Most therapists or physicians have encountered the otherwise healthy patient with an episode of severe and unexplained low back pain. Often accompanied by an alarmed relative, the patient usually feels that a “kidney” ailment or worse is to blame. It usually turns out that the cause may be much more benign. An active trigger point in the quadratus lumborum muscle (QL) is often the source of pain. The increased activity in these focal points within the muscle may result from sustained poor posture such as bending and twisting while lifting, running on a sloped surface, or sleeping on a sagging and unfamiliar mattress.

As per Travell and Simons, myofascial trigger points are present in the majority of musculoskeletal pain disability cases. Their exact cause is unknown, but they are highly irritable circumscribed focal points of pain within the muscle or fascia that come to light with seemingly routine physical activity. In the case of QL, the underlying activity is often related to posture, given that this muscle is prominent in our normal upright posture. This muscle has three distinct parts which act as guywires for the lumbar spine maintaining spinal postural alignment for both trunk and extremity movements. Trigger points in this muscle are deep to the lumbar paraspinals and may go undetected with a superficial palpation of the back. Approaching the muscle in side-lying will more readily reveal the active QL trigger point(s).
Along with the extreme pain, the patient may report pain with coughing and sneezing with a need to support the trunk with the hands when walking or sitting. Practitioners are often concerned with the possibility of a protruded lumbar disc since pain may radiate to the groin, and even mimic a sciatic nerve distribution. Signs and symptoms may also resemble trochanteric bursitis. With the absence of any positive nerve irritability signs, treatment can proceed by directly addressing the trigger point from a side-lying position ensuring that the patient’s posture and activities do not result in further irritation of the trigger point. Postural correction, local therapies such as electro-therapy and manual therapy will be useful. However exploring the patient’s typical activities will offer clues as to how best prevent recurrence. Additionally, treatment for the contralateral side as well as for “satellite” trigger points in the gluteus medius is highly recommended. When the trigger point becomes less active treatment should be rounded off with conditioning to core and hip muscles.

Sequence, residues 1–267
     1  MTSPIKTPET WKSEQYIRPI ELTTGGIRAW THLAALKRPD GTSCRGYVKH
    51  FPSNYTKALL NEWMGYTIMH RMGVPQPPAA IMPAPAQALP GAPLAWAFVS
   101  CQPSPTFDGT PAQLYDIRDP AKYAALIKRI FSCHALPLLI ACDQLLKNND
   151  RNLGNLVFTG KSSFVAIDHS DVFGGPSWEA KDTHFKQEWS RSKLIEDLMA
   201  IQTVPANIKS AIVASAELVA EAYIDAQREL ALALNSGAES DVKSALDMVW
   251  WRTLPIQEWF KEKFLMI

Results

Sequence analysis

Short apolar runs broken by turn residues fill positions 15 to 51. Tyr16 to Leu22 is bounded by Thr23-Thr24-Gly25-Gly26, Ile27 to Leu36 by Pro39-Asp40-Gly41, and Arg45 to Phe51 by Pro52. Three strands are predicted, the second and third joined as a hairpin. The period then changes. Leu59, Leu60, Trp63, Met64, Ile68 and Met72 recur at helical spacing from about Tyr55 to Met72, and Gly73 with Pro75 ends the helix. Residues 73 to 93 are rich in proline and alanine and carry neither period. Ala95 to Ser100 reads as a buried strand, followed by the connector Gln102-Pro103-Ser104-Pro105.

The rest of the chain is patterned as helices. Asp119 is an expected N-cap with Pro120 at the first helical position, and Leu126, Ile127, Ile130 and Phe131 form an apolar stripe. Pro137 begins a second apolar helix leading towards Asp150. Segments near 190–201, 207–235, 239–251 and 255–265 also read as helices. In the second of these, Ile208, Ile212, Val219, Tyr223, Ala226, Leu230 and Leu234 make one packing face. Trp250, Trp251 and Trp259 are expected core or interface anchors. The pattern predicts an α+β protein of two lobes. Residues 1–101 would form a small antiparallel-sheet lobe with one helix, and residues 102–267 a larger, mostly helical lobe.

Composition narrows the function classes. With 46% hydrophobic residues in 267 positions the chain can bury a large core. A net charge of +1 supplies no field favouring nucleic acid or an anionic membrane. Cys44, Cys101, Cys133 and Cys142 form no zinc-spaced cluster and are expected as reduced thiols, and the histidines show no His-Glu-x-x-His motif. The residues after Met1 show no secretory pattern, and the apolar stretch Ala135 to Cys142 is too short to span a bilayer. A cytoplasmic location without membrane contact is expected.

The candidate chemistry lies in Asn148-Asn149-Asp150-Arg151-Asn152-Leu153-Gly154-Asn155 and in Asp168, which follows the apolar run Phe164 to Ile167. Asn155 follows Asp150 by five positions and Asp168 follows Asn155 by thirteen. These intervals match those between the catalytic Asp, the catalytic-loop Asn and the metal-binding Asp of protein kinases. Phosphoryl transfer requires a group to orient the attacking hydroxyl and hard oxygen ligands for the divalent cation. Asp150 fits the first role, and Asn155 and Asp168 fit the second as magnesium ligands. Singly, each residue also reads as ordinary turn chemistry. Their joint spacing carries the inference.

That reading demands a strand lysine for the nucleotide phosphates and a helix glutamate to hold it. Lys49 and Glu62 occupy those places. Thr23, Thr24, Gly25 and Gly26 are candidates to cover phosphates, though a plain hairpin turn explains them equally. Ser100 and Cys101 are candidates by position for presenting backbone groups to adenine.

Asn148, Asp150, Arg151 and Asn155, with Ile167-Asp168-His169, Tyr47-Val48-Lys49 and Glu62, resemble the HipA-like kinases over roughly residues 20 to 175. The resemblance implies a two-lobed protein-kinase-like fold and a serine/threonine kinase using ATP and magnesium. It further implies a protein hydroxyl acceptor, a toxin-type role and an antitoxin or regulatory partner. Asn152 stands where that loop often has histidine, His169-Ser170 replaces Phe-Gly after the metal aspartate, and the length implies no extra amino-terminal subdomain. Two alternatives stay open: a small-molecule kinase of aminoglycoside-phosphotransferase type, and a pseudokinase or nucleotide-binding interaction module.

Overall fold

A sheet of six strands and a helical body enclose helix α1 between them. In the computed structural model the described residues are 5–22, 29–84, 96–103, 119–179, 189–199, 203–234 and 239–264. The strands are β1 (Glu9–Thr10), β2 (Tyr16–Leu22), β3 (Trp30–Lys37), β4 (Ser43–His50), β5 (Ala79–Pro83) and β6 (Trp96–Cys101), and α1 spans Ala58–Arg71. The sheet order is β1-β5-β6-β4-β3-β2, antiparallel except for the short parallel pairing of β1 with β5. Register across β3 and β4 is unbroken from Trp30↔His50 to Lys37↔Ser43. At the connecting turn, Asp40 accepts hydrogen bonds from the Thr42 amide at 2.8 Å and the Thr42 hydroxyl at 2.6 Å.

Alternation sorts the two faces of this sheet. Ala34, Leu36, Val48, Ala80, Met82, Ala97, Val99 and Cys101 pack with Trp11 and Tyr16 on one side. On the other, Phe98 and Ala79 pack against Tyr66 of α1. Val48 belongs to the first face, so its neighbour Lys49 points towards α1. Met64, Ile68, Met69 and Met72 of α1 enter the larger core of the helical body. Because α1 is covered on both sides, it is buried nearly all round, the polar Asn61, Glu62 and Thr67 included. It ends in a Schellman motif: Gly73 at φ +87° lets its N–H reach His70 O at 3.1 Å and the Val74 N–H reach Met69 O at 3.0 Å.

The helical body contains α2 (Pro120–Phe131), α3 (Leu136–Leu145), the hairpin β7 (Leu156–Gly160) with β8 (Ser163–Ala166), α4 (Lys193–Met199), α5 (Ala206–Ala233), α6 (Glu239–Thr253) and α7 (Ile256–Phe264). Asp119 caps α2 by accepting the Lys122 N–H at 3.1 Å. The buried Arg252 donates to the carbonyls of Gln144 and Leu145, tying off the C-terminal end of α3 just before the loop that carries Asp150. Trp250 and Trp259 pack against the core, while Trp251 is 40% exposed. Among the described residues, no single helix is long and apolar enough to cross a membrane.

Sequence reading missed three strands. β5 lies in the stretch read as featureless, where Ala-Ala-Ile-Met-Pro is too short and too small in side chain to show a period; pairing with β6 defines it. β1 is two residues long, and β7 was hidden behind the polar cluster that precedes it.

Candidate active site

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About Hercules Grant

Hercules Grant, Phd Rehabilitation Science, Physiotherapist at Rejuvenation Health Services. Hercules completed his training with a Bachelor of Physical Therapy at the University of Alberta in 1984 and also completed a Masters in Educational Psychology at the same university. He provides mentor-ship to physical therapy students and physical therapy managers and has lectured on the spine and chronic pain. Hercules is also a past president of the College of Physical Therapists of Alberta and has an abiding interest in professional growth in rehabilitation in general. He holds a PhD in Rehabilitation Science from the University of Alberta. His interest is in the area of the impact of chronic diseases, with an emphasis on hypertension.